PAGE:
Fast Fourier Transforms

The Extreme Optimization Numerical Libraries for .NET provide a set of classes for computing the Discrete Fourier Transform of real and complex signals.

One time FFT's

When only very few Fourier transforms of a given length need to be computed, the Vector<T> class provides methods that can perform this computation in one line of code.

To compute the Fourier transform of a real sequence, use FourierTransform. This method takes as its only argument a Vector<T> that specifies the signal that is to be transformed. It returns a Vector<T> of Complex<T> that contains the transform.

The inverse transform is computed using the InverseFourierTransform<T> method. This method takes a complex Vector<T> and returns a Vector<T>. Only the first n/2+1 elements are used in the computation.

The following example computes the Fourier transform of a short vector, and then computes the inverse transform. The result is a vector identical to the first one:

var v = Vector.Create(1024, i => Math.Sin(0.05 * i));
var w = Vector.FourierTransform(v);

For complex signals, the Vector<T> of Complex<T> class has a FourierTransform and a InverseFourierTransform<T> method. Each method takes one argument: a Vector<T> of Complex<T>, and also returns a Vector<T> of Complex<T>.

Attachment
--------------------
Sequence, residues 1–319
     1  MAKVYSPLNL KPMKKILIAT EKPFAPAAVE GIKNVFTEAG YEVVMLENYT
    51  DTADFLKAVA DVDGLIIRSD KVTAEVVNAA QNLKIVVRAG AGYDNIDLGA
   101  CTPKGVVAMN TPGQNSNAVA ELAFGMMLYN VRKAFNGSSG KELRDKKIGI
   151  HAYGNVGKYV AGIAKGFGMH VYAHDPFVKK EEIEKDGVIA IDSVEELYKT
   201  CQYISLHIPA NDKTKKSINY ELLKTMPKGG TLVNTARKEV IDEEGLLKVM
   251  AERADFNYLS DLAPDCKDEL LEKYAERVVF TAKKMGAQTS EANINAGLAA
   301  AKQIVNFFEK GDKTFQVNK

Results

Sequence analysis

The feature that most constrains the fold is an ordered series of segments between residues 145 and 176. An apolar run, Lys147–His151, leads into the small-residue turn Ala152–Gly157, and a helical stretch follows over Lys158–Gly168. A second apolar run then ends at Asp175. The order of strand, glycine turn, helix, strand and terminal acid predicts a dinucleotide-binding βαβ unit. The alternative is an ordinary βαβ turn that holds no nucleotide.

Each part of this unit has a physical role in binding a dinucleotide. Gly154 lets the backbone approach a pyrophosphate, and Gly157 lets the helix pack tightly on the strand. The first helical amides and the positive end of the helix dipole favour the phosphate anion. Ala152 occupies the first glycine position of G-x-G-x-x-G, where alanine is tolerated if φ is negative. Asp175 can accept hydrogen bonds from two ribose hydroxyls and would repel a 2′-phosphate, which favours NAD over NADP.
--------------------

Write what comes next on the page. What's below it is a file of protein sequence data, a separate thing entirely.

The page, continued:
Multiple FFT's of the same size

In many applications, many Fourier transforms of the same length need to be calculated. To make this process more efficient, you can use Fft<T> objects, that represent the implementation of an FFT of a given length. Fft<T> objects are created through an FftOperations<T>.

FFT Providers

The FftOperations<T> is the base class for accessing a specific set of FFT algorithms. Two FFT providers are shipped with the library: a managed provider that uses 100% managed code, and a 'native' provider that uses hand-optimized unmanaged code and is an order of magnitude faster for longer transforms.

In order to use the native provider, the assembly containing the native FFT code for the current processor architecture must be present. This assembly is called Extreme.NativeFft.x86.20.dll on 32 bit systems and Extreme.NativeFft.x64.20.dll on 64 bit systems. If this assembly cannot be found, the managed provider is used instead.

You can access the two providers through the ManagedImplementation and NativeImplementation properties.

The managed provider has two additional properties that indicate when to switch to the native provider (if it is present). The RealManagedThresholdLength property specifies the shortest length of a real FFT for which the native FFT provider will be used. The default is 64. The ComplexManagedThresholdLength property specifies the shortest length of a complex FFT for which the native FFT provider will be used. The default is 32.

Using FFT providers, you can obtain Fft<T> objects for one-dimensional transforms and Fft2D<T> objects for two-dimensional transforms. The Fft<T> and Fft2D<T> classes implement System.IDisposable, so you should always use a using statement or call Dispose once you are done using the object.